Thursday, 31 January 2013

The Garden: Photography that doesn't put you in a corner


 


In Blue Mud Swamp, the colour blue sets the tone. Another book where colour dominates and defines the story is Alessandro Imbriaco's The Garden - but this time the colours are murky greens, browns and greys, dusk colours that rise like a miasma from the Roman swamp where Imbriaco made the pictures.

The Garden is the story of a swamp, a wild tangle of brambles, weeds and trees on the edge of a Roman highway. And in the middle of the swamp live Piero, Angela a - a homeless couple who have made their home in this Garden - and Lupa, their daughter who was born and is being raised there, the trees and streams and underpasses her playground.

The Garden is an Edenic reference but I think it's all a bit more pagan than that - more of a Pan's Labyrinth than Eden, a place where life is more nuanced than the monotheistic ideas that Eden represents. Little Lupa is no Eve. She has knowledge of the world around her and it is a good thing. No sin attaches to her because of what she is.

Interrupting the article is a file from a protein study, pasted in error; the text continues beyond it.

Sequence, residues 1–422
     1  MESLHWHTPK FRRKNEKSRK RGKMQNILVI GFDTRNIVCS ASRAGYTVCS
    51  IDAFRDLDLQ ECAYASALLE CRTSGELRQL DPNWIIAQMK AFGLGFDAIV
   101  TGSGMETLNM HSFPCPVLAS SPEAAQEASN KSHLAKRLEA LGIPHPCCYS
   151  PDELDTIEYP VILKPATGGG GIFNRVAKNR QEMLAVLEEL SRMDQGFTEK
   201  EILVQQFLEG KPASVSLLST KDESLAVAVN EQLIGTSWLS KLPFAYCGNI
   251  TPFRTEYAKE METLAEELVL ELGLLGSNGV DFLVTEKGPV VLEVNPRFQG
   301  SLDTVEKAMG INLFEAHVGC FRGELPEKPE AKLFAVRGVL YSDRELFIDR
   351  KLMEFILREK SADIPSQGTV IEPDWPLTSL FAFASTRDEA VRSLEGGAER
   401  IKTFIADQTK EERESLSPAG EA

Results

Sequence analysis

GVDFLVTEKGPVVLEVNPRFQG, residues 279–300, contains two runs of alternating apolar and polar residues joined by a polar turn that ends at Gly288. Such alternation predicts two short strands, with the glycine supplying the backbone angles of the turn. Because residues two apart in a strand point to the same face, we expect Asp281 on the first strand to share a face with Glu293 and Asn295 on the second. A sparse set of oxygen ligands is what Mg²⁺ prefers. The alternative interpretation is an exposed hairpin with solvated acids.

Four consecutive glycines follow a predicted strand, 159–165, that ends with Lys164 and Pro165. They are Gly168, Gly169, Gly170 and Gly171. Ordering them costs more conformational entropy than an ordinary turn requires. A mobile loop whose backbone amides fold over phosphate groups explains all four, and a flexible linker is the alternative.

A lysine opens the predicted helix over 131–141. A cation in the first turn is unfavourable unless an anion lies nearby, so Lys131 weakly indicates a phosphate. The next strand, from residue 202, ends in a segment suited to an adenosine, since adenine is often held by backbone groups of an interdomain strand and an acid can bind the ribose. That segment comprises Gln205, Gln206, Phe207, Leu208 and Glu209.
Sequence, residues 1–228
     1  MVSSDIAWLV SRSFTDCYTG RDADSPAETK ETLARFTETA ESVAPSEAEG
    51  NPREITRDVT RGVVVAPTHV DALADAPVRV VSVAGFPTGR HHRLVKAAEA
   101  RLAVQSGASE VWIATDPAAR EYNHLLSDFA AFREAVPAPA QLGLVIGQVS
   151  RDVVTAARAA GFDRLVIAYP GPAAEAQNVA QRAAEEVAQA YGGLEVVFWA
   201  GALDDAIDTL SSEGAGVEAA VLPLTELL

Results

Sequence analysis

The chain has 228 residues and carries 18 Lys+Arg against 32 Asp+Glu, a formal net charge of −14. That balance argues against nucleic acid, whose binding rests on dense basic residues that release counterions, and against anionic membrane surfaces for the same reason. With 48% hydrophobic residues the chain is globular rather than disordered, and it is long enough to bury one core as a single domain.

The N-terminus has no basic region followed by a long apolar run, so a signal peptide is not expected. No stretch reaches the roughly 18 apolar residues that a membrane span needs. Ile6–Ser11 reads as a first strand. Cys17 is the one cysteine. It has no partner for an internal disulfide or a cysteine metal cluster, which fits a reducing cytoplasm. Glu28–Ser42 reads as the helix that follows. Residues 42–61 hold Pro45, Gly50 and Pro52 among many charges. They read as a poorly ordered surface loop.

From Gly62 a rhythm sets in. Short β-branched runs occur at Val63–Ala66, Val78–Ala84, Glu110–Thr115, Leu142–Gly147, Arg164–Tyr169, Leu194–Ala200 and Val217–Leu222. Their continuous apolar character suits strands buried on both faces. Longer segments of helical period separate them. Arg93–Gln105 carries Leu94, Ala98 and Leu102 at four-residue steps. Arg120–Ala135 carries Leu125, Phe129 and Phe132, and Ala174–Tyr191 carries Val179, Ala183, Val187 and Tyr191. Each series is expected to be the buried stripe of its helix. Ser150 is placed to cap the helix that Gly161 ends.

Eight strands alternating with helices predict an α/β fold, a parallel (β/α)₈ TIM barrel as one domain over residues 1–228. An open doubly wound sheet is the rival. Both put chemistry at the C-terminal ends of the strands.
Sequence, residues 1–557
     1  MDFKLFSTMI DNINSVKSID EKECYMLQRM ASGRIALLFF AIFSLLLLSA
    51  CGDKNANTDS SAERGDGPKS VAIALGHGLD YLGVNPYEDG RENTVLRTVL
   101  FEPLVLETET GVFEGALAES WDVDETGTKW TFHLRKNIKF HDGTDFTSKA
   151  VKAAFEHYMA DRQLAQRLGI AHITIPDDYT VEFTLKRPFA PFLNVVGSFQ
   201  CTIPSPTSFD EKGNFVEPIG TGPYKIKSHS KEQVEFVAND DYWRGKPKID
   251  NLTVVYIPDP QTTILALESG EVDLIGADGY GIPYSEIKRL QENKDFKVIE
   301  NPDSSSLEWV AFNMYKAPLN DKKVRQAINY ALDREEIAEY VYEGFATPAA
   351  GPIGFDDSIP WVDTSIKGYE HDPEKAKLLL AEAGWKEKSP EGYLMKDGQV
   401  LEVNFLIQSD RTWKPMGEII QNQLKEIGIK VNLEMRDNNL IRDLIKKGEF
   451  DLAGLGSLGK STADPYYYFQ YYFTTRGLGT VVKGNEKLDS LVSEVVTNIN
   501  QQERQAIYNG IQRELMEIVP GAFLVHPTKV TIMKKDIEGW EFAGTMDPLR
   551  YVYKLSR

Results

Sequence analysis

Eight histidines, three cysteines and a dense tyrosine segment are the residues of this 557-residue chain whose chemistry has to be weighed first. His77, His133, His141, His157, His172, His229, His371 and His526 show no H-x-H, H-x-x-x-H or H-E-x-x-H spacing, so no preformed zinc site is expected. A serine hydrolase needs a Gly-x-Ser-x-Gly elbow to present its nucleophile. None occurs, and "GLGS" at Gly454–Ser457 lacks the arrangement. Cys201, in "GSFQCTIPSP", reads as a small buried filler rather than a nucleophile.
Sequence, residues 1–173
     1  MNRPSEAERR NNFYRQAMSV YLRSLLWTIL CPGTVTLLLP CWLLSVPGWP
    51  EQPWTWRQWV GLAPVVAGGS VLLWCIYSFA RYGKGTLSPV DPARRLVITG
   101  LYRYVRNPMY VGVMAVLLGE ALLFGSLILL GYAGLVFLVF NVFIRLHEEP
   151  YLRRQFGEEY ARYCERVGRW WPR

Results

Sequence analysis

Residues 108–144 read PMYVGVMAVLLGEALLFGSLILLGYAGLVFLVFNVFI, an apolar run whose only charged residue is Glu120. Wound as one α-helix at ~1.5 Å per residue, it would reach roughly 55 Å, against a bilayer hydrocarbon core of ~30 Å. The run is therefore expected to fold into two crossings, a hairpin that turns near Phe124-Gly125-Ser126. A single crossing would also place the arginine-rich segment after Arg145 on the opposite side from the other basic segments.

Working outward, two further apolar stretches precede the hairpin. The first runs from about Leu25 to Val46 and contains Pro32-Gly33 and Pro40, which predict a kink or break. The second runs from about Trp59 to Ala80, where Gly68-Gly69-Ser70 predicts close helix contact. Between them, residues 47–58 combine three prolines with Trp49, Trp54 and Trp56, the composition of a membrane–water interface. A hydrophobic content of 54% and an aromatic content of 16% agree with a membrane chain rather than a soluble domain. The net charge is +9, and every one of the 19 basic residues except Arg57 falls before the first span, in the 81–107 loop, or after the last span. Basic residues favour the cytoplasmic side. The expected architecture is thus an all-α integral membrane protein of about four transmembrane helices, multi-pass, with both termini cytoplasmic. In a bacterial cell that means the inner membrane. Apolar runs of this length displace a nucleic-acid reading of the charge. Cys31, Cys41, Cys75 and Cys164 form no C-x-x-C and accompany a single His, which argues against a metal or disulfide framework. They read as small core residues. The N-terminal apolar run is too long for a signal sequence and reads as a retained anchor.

Despite, or perhaps because of  this pagan quality, there is a real earthiness to the book that is not at all romantic. It also feels real, but not in the gritty kind of way that puts you in a corner and doesn't give you a choice. There always seems to be a choice in The Garden - of how you read the characters, the landscape, the environment, and that seems to be something that is quite rare. It's not a spectacle and it's not a prescription. You are free to see what you want to see and think what you want to think.

I'm not sure why that should seem so special but it does. There is so much photography, especially of a 'serious' nature, that ties you up in knots, that seeks to put you into a particular place  in the way that you see and understand it. It's a kind of photographic correctness, where even though you may agree wholeheartedly with what is being said or shown, the resentment at being forced to agree with the sentiments of the work, the inability of the work to offer even a second dimension or alternative perspective makes one want to disagree with it just for the sake of it. It's Stupid Photography that doesn't enlighten or engage, but just shuts things up and makes one long for something that is open and free. Photography isn't always open or free. The Garden is.

Read my interview with Alessandro Imbriaco in the BJP here.

 

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